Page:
Though, to be honest, I do have a non-zero number of friends who were dating someone as ideal as could possibly be hoped for and she said something to the effect of “that zing just wasn’t there” and she dumped him. To be honest, if the guy started dating an AI after that one, I don’t think that there’d be anybody blaming him. Anyway, he got married. (And she called me up with the announcement that he was getting married and she explained to me that she sort of felt upset about that because she liked the idea of him always being there for her… at which point I knew better than to start screaming THEN YOU SHOULD HAVE FREAKING MARRIED HIM!!!! but, seriously, I wanted to.)

      What were we talking about?Report

      • Reformed Republican in reply to Jaybird says:

        And she called me up with the announcement that he was getting married and she explained to me that she sort of felt upset about that because she liked the idea of him always being there for her

        I have known a few of those. Sorry, you cannot keep a guy in reserve as a backup in case your dream guy never shows up.Report

  3. NewDealer says:

    Not Her related.

    I picked up the novel version of the Last Days of Disco on Friday. It is buy Whit Sitllman who also directed and wrote the film. The novel came out a year after the film and uses an interesting narrative device. The narrator of the novel is one of the main characters from the movie, he acknowledges the movie happened (he tells us the Alice does not really look like Chloe Sveigny) and goes on to expand and make further reference to the movie (Hap was called Extra #3 in the screen play) is a typical aside.Report

    • Will Truman in reply to NewDealer says:

      What did you think of Metropolitan?Report

      • NewDealer in reply to Will Truman says:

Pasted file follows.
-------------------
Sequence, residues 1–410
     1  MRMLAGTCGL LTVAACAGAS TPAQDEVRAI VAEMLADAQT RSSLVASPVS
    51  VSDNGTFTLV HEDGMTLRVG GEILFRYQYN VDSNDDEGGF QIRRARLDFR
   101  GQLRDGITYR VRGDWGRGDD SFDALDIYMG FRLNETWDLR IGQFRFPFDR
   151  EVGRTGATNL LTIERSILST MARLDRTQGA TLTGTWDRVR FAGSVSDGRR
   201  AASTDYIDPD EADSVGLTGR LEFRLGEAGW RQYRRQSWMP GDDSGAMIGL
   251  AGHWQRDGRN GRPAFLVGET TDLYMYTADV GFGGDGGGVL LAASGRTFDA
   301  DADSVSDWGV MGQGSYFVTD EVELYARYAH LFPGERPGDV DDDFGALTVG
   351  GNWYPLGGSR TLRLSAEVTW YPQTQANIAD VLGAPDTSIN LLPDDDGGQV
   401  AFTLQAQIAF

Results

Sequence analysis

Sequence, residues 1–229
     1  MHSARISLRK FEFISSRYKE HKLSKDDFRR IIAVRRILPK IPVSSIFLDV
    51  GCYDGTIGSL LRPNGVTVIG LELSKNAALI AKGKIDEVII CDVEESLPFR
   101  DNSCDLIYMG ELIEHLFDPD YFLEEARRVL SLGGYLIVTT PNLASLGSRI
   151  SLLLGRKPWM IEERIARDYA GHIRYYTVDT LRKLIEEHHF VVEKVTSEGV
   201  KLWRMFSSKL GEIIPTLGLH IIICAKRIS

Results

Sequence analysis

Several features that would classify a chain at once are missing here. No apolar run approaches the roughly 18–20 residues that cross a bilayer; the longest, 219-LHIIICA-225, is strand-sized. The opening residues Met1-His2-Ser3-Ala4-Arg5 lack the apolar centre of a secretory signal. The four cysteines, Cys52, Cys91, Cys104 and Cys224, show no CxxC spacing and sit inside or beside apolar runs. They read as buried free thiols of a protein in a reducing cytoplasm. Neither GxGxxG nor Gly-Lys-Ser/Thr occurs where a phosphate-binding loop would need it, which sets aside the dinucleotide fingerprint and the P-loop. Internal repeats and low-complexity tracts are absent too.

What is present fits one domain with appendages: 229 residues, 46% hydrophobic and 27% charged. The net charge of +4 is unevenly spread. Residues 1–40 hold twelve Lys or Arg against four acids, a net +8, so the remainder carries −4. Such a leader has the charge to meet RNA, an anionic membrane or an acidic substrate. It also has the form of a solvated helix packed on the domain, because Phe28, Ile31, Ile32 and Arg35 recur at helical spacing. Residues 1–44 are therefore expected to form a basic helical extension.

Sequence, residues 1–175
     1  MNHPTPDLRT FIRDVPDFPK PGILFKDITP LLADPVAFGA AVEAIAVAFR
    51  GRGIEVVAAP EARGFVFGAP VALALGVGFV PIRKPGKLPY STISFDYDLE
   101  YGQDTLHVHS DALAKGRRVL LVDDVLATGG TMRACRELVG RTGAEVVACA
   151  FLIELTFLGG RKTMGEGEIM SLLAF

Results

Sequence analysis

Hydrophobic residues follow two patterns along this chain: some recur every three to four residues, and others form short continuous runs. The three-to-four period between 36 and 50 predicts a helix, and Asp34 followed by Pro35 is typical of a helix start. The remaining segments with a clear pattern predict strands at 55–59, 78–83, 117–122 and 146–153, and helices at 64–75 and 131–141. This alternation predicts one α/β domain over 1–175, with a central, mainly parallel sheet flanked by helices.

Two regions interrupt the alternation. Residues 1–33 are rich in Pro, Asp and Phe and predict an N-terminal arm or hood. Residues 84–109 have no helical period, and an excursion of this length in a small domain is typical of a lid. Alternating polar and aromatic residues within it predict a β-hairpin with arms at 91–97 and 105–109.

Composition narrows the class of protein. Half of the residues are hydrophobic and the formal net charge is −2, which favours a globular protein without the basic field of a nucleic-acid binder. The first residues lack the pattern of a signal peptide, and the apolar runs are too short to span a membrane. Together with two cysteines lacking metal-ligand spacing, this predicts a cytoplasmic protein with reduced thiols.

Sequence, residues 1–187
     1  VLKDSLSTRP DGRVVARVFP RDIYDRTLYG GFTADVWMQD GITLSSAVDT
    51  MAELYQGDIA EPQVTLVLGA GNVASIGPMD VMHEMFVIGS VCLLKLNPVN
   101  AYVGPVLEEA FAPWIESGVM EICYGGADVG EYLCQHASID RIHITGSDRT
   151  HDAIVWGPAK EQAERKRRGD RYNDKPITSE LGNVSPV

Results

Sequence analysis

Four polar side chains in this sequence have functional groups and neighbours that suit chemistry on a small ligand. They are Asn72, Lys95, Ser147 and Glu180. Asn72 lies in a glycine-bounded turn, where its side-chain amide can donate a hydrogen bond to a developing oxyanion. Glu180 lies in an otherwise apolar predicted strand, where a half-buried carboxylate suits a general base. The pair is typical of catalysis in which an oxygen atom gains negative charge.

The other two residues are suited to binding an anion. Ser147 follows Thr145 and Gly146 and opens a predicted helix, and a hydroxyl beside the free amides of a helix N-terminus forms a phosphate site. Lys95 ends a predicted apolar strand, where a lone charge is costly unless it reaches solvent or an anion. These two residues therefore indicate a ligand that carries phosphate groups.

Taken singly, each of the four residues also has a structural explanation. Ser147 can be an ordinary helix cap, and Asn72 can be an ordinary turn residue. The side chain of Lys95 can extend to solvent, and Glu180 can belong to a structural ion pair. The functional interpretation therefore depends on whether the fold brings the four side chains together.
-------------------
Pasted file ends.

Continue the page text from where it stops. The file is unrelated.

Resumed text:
I just rewatched a bit of it on Saturday night.

        I find it kind of charming in an inadvertent way when the title card said that the movie took place “not so long ago”. It seems like a long time ago based on the party dresses and the fact that no one has the Internet. To be fair, I don’t think anyone would have predicted how radically the internet changed society and how quickly we lept from 14 K modems to wi-fi.

        Also those dresses….

        I also have a bit of an uncanny valley response to media about young people that take place between 1980-1993. Everything is just recognizable enough to seem familiar but just different enough to be noticeable and make me view askance. Like people using typewriters and word processors for their papers or payphones and landlines. Though I still have a landline.

        Metropolitan is not my world but I’m familiarish enough with it. I am just a suburban public school kid. When I was in college, some of the southern women talked about their debutante balls or going to debutante balls. My reaction upon hearing those statements was ‘Wait, they still have debutante balls?” I can’t say that this was ever my social scene. I’d probably be more like Tom in the movie than anyone else but I’m barely like Tom as well. The Upper West Side is certainly more economically mixed than the Upper East Side but if you go far enough East you can find affordable and middle class housing. But I’m more upper-west than upper-east side even though my first apartment was at 66th and 1st which is the upper east side. My second apartment was in Brooklyn and I’m more about bourgeois-bohomian Brooklyn than anything else.

        But the world of Metropolitan still exists just largely in its own globe instead of being the center of NY Life. Also it is odd to see actors in their mid to late 20s, play 18-19 year olds.Report